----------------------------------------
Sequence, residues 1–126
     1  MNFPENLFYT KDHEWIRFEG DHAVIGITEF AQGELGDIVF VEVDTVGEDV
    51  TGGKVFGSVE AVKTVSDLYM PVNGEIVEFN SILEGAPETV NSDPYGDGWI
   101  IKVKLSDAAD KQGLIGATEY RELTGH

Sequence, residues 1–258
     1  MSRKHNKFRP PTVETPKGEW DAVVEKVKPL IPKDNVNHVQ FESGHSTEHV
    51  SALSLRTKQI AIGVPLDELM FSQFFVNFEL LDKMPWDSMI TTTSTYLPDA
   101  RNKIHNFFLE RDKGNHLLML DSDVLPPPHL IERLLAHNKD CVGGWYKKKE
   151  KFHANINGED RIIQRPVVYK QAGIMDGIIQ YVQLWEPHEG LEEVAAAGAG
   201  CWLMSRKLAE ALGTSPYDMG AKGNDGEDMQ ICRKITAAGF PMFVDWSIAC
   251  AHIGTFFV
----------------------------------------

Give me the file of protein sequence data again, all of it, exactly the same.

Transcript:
Sequence, residues 1–126
     1  MNFPENLFYT KDHEWIRFEG DHAVIGITEF AQGELGDIVF VEVDTVGEDV
    51  TGGKVFGSVE AVKTVSDLYM PVNGEIVEFN SILEGAPETV NSDPYGDGWI
   101  IKVKLSDAAD KQGLIGATEY RELTGH

Sequence, residues 1–258
     1  MSRKHNKFRP PTVETPKGEW DAVVEKVKPL IPKDNVNHVQ FESGHSTEHV
    51  SALSLRTKQI AIGVPLDELM FSQFFVNFEL LDKMPWDSMI TTTSTYLPDA
   101  RNKIHNFFLE RDKGNHLLML DSDVLPPPHL IERLLAHNKD CVGGWYKKKE
   151  KFHANINGED RIIQRPVVYK QAGIMDGIIQ YVQLWEPHEG LEEVAAAGAG
   201  CWLMSRKLAE ALGTSPYDMG AKGNDGEDMQ ICRKITAAGF PMFVDWSIAC
   251  AHIGTFFV